San Manuel Band of Mission Indians plans to acquire the Palms in Las Vegas for $650 million

Los Angeles Daily News
San Manuel Band of Mission Indians plans to acquire the Palms in Las Vegas for $650 million
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The San Manuel Band of Mission Indians has announced plans to purchase the Palms Casino Resort in Las Vegas, making it the first tribe to own and operate a casino in the city’s resort corridor.

The tribe, which already owns and operates San Manuel Casino in Highland, and the San Manuel Gaming and Hospitality Authority, a newly created entity that will run the Las Vegas resort, will acquire the casino property for $650 million, according to a news release from current Palms owner Red Rock Resorts. The transaction is expected to close in 2021, but is subject to regulatory approvals and other closing conditions, according to a news release from San Manuel.

Jacob Coin, executive adviser to San Manuel Tribal Chairman Ken Ramirez, said in a phone interview Tuesday afternoon that the acquisition of the Palms is part of the tribe’s mission of “securing a future for its people” and that the purchase of the resort in Las Vegas gives the tribe another financial avenue to accomplish that goal.

“The tribe has been talking about this kind of growth and diversification that will secure a future for at least two decades and probably longer,” Coin said.

That echoes a national trend among tribes, said Katherine Spilde, a professor at San Diego State University’s L. Robert Payne School of Hospitality and Tourism Management and an expert on casinos. She said diversification has taken different forms such as real estate, logistics centers and agritourism.

The move by the San Manuel Band to purchase the Palms adds a commercial gaming arm and allows the tribe to use the expertise it already has from its operation in Highland, Spilde said.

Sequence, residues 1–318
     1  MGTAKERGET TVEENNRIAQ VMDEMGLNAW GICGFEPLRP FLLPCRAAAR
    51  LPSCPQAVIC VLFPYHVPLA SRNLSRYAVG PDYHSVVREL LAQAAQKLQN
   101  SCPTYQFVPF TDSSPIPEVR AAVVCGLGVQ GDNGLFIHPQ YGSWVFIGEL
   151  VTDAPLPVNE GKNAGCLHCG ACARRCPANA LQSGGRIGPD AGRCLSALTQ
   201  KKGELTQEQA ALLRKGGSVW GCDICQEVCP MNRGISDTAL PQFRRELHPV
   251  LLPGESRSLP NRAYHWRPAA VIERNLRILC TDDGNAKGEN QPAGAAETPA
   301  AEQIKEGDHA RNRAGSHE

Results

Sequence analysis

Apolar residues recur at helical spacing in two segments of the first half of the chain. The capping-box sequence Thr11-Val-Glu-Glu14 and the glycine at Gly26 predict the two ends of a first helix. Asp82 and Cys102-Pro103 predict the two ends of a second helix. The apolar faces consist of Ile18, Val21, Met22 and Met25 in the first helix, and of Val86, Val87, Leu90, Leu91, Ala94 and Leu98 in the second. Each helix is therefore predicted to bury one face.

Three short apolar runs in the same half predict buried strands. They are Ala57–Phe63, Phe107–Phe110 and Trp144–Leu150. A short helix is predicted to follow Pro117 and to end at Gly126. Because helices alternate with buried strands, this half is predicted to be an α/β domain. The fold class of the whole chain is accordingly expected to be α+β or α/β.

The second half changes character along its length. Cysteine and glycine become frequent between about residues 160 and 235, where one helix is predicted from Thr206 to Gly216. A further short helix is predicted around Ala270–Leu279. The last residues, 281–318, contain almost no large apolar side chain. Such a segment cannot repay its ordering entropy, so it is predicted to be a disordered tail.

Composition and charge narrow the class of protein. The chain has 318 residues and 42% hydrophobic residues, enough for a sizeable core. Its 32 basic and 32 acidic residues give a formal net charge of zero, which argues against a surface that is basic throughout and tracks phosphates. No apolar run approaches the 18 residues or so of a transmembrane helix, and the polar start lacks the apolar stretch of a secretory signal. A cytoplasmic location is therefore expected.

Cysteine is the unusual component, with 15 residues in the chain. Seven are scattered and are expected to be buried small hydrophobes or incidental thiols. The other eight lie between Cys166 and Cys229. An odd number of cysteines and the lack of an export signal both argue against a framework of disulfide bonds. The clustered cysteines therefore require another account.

San Manuel would be the second tribe operating in Las Vegas’ resort corridor. Mohegan Gaming & Entertainment, operated by Connecticut’s Mohegan Tribal Gaming Authority, runs the recently opened casino at Virgin Hotels Las Vegas (formerly the Hard Rock Hotel).

However, San Manuel would be the first tribe to wholly own and operate a property in Las Vegas, said David G. Schwartz, a gaming historian at the University of Nevada, Las Vegas.

“Las Vegas is a market that a lot of gaming operators want to get into and tribal casinos are some of the biggest casinos in the country so I think it’s definitely feasible that many of them would be looking into getting into Vegas,” he said.

As Southern California’s casinos continue to grow and add new amenities, they’ve increasingly tried to capture a segment of audience that would normally vacation in Las Vegas.

Having a casino in Southern California and another four hours away in Las Vegas might actually drive traffic from Nevada into California, Schwartz said.

He said he could see a casino doing something like incentivizing guests to visit between the two casinos through their loyalty program.

Getting to know the locals